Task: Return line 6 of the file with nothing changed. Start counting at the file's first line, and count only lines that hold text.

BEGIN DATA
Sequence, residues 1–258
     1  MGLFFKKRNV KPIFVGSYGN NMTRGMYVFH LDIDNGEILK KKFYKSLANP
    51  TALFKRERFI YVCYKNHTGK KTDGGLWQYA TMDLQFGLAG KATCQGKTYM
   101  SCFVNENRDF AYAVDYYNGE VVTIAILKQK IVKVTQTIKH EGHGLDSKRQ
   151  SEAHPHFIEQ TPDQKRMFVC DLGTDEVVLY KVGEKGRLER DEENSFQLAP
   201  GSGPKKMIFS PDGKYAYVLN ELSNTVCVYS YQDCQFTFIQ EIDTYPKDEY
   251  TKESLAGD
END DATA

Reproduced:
   201  GSGPKKMIFS PDGKYAYVLN ELSNTVCVYS YQDCQFTFIQ EIDTYPKDEY